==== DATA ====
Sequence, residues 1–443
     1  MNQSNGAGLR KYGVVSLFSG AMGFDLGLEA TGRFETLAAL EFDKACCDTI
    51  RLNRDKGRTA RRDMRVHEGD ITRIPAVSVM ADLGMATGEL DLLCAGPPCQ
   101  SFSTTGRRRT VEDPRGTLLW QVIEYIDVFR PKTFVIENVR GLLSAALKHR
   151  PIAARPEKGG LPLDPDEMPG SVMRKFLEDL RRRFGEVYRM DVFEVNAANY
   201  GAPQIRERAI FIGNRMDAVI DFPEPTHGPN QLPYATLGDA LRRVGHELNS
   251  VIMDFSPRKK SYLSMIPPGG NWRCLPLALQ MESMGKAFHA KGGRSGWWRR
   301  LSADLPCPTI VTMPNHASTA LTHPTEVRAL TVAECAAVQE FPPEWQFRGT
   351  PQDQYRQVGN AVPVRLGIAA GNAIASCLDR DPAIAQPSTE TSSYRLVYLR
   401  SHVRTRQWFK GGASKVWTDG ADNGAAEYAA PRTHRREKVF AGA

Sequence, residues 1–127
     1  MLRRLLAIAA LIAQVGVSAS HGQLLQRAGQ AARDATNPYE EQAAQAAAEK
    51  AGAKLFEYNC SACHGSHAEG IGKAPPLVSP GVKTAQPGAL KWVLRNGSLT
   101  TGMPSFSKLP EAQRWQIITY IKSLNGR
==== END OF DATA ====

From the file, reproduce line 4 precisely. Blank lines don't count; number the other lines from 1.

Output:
   101  SFSTTGRRRT VEDPRGTLLW QVIEYIDVFR PKTFVIENVR GLLSAALKHR